The government is considering ending the annual inflation-linked rise in benefits as part of the drive to find additional savings in the welfare budget, according to the BBC. If implemented, the move could be in place by 2014 with many benefits frozen for two years, then rising only in line with average pay. State pensions will not be affected as they are now protected by a "triple lock", which means they will rise annually in line with either inflation, earnings, or by 2.5%, whichever is the higher figure.
In recent years inflation has risen at a far higher rate than average earnings. Whitehall officials say a switch since 2008-9 would have saved £14bn, according to BBC Newsnight. The Department for Work and Pensions declined to comment on the reports ahead of the benefits uprating statement, which takes place in December. "Uprating of benefits will be considered by the secretary of state and chancellor as usual later this year," they said.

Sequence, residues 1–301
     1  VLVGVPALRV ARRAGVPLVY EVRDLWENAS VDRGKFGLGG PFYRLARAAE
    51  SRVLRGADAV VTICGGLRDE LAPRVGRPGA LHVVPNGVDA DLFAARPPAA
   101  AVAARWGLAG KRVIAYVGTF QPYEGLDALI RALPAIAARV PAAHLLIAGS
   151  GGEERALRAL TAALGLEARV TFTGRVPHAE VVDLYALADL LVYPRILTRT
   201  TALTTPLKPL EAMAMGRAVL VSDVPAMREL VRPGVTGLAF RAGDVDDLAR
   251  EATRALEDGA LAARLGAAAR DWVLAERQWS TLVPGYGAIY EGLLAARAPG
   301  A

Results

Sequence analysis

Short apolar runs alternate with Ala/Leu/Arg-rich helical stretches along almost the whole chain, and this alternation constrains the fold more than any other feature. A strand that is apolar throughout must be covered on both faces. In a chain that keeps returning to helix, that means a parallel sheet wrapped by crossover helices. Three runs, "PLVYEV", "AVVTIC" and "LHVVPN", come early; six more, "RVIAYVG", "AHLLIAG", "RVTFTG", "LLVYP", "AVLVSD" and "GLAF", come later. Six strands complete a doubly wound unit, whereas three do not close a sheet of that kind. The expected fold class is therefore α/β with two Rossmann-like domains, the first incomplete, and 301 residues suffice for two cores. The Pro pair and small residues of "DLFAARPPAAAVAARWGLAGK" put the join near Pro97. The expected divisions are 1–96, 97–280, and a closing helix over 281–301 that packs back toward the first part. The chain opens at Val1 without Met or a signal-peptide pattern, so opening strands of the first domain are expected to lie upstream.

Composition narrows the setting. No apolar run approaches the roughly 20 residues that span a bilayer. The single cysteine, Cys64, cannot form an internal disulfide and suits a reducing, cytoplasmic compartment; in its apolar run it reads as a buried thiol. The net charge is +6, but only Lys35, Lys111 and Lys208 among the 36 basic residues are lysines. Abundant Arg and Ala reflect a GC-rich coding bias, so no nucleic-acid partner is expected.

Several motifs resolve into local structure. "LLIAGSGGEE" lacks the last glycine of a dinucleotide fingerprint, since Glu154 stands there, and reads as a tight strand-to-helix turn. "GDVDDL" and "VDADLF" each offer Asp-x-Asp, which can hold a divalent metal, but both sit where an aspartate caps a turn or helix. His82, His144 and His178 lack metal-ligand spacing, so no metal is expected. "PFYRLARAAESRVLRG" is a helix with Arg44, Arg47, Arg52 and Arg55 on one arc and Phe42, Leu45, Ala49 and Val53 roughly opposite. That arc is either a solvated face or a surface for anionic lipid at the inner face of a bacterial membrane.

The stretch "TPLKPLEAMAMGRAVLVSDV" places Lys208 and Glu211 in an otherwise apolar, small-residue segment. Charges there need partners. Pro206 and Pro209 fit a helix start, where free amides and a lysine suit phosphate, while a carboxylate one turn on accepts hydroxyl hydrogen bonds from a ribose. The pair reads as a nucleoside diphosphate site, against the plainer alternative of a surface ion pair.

The government is looking for £10bn of extra savings in the welfare budget. However, any move to break the historic link between inflation and welfare payments is likely to provoke fury among charities representing vulnerable groups.
Reports of the move come just a year after a thwarted attempt by Chancellor George Osborne to end the annual inflation-linked increase to benefits after a welfare bill last September when inflation was 5.2%. One Whitehall source close to the process told the BBC that the idea was back on the table. "A freeze [to benefits] for a couple of years would help us get to the £10bn," they said.
Any move to freeze benefits is likely to be fiercely resisted by Liberal Democrats, many of whom oppose any further cuts to welfare and believe any further savings should be funded through tax rises at the top.
Hélène Mulholland, Guardian